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Protest Against Workfare - London Thursday 26 February

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redacteur
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Feb 25 2009 22:16
Protest Against Workfare - London Thursday 26 February

Protest against the government's new workfare scheme.

An event called 'Bidding Opportunities: DWP Welfare to Work services' is taking place at St Pancras Novotel, 100 - 110 Euston Road, London NW1 on Thursday Feb 26, 10.30am – 3pm.

Join us outside the hotel at 3pm to protest the government's attempt to make workers pick up the tab for the economic crisis.

The text below will be handed out tomorrow, feel free to make copies and circulate widely or bring your own!

Thanks!!!

DON'T TAKE THE PUNISHMENT FOR THEIR CRISIS

UNEMPLOYED OR WORKING, WE'RE NOT PAYING!

While millions of us face the dole in the near future, the government is meeting at the St Pancras Novotel today with private contractors and charities to plan new punishments for the unemployed.

WHAT THEY’VE GOT PLANNED FOR US

Work & Pensions minister James Purnell says he wants signing on to be "like school detention": enforced 9-to-5 attendance at strictly supervised job-search, interviews and training, with the PFI firms and charities doing the supervising paid according to the number of people kicked off benefits.

In fact the punishments proposed come straight from the criminal courts: fines if you turn up late for interviews, and hard labour on 'community service' for those who fail to find the jobs that aren't there.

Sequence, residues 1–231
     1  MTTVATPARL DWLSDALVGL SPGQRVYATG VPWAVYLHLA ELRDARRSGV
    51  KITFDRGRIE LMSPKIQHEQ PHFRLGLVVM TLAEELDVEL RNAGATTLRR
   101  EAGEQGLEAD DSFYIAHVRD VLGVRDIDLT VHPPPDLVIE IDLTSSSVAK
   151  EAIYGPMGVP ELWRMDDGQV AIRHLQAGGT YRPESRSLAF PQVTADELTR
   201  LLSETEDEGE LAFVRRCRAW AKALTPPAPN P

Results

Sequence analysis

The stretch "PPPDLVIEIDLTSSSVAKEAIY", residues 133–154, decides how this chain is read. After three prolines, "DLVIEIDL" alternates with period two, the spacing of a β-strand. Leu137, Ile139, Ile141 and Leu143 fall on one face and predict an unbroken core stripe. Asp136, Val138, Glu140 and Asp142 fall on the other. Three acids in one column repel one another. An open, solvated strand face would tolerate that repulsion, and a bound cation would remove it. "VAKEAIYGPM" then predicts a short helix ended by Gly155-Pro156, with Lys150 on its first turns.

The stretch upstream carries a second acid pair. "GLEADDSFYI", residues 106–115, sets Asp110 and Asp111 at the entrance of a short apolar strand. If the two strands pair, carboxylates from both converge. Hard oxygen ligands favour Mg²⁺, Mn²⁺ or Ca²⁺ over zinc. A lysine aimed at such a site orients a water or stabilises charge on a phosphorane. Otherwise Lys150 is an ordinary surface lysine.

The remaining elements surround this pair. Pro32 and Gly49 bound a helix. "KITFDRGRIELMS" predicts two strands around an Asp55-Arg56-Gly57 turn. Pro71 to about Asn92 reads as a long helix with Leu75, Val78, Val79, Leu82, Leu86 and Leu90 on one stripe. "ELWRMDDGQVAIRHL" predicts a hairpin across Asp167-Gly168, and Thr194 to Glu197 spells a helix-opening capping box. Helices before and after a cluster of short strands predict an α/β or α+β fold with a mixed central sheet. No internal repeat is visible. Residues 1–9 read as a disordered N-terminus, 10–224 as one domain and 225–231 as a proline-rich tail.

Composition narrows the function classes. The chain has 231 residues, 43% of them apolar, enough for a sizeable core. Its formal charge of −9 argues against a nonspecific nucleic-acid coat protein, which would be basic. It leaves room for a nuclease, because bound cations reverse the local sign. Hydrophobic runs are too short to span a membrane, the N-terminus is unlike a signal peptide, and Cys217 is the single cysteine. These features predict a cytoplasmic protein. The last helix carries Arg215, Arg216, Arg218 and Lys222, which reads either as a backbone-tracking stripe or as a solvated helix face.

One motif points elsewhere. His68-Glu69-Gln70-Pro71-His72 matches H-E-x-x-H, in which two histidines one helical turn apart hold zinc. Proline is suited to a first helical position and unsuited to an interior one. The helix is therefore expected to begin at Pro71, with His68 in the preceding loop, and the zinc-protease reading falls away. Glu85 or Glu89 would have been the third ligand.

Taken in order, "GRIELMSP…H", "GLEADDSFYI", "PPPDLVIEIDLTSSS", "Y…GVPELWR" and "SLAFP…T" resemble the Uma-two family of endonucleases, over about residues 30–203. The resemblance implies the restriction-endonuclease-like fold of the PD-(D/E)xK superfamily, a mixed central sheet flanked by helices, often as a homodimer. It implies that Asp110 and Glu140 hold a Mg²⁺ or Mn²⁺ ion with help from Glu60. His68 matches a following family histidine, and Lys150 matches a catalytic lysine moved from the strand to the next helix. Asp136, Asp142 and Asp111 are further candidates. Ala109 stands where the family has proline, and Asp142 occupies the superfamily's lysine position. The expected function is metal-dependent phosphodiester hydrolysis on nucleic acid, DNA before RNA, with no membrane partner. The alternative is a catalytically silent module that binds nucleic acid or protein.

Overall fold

Meanwhile, millions more claimants are supposed to be thrown off incapacity and parent benefits onto the much lower Job Seekers' Allowance, flooding what's left of the job market with extra desperation, and making it even easier for employers to cut the wages and conditions of those still in work.

WHAT CAN WE DO ABOUT IT?

The government and its corporate partners are used to getting away with one attack after another on our incomes and living conditions. They play off 'hardworking families' against benefit claimants, and 'local' workers against migrants.

However, at this unique moment all bets are off. The line between 'permanently' employed homeowners and the 'socially excluded' is crumbling. We’re all facing social exclusion now. Though they're asking us to take personal responsibility for the 'journey back to work', everyone knows the disaster is their fault, not ours.

Private dole contractors are already panicking about 'payment by results' when there are no jobs out there, and the dole offices where the new system is being tested report an unsurprising increase in 'conflict' with furious claimants.

If this anger keeps building up, and IF it's combined with solidarity between employed and unwaged workers, the creators of the crisis may have picked a losing fight this time.